by Tim Thein
With the biggest of the world’s freshwater lakes in our backyard, one would think the effects of climate change would be slow and not noticeable in the Great Lakes region.
But there are many people studying these effects, and they have found that since the 1980s, there have been noticeable changes at the microscopic level of climate change present in the Great Lakes.
The first changes that are noticeable are at the microscopic level of diatoms, said Sarah Erickson, the education director at the Great Lakes Aquarium. Diatoms are single-celled algae that have a cell wall of silica. In other words, algae are really small organisms that live in the Great Lakes system. Algae can also be found all throughout the world. The reason the scientific community here is concerned about a change in the Great Lakes, according to Erickson, is that it reflects the sudden change that the world is warming up.
Scientists study the bottom of the Great Lakes to investigate the effects of the warming water, which is more common throughout the system. The aquarium’s educational display identifies the process: The bottom of the lake is a timeline of what has happened in the lake. Every year the lake has a life cycle. The water warms and cools with the change of the seasons. The diatoms die off and fall to the bottom. Scientists can study the very thin layers and get an estimate on the rate that the diatoms die off. They can be very accurate - within the last 400 years. Since the 1980s, these layers have shown rapid growth in certain diatoms and the shrinking of other species of diatoms because of the growth or expansion of other diatoms.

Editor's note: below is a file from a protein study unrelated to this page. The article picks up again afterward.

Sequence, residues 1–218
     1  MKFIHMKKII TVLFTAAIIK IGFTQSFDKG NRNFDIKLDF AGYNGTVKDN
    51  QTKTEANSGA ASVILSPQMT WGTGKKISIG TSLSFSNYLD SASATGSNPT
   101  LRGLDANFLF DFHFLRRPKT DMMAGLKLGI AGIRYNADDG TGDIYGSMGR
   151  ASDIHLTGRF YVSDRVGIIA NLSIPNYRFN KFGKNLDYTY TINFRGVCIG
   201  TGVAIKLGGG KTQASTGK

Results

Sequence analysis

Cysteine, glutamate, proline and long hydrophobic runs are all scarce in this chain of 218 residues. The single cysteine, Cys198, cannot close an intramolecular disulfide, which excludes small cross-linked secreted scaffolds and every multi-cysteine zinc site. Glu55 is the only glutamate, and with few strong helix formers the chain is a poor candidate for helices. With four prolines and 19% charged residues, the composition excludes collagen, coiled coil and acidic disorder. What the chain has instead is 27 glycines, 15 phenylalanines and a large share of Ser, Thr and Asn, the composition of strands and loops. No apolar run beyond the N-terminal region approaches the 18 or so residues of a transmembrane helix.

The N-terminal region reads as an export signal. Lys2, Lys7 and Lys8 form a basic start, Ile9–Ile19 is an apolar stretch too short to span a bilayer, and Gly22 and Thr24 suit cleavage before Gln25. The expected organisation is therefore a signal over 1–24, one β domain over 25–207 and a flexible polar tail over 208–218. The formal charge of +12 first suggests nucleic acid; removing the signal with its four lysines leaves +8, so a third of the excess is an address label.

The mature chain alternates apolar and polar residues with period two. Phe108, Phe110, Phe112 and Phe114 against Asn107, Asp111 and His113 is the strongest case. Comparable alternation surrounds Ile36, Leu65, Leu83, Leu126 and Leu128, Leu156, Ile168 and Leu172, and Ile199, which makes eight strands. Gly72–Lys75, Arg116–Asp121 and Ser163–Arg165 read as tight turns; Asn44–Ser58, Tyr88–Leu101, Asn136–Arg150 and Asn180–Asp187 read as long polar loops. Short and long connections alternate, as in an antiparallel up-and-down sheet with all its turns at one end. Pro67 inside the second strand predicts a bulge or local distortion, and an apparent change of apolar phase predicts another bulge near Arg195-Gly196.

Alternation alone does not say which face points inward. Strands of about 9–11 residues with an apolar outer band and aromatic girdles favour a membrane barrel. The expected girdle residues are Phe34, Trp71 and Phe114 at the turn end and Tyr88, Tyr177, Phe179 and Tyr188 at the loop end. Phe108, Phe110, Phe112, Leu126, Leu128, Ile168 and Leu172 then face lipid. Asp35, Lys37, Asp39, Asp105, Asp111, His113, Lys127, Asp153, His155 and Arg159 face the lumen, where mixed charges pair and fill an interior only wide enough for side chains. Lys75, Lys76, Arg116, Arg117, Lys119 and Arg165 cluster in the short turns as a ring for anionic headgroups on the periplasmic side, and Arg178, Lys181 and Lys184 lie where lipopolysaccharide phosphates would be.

The algae that scientists are most concerned with is the rapid expansion of Cyclotella, which has evolved dramatically since 1813. Cyclotella compete with other organisms for the same food. Some other species are appearing less and less abundant since the 1980s.
Over time, the “data show that the air temperatures are changing,” Erickson said. Climate change is not achieved overnight, but over a long period of time. Erickson explained that diatoms play a role in the food chain. Any changes higher up in the food chain are not noticeably different yet, but the scientific community is interested in following those changes and outcomes, she said.
UW-Superior student Brandon Barnes, 23, has been a Lake Superior recreational sports fisherman since childhood. “I have noticed the behavior in the fish has changed,” he said. “When I was a child, I was able to catch a lot more fish. Now I am lucky if I catch one or two, if any, fish at all.”
Barnes believes climate change is happening. He is worried about the future of fishing in the next 20 to 40 years; whether fishing will be a forgotten Great Lakes activity. He hopes we can slow the changes by burning clean energy and limiting our carbon emissions, caused by fossil fuel.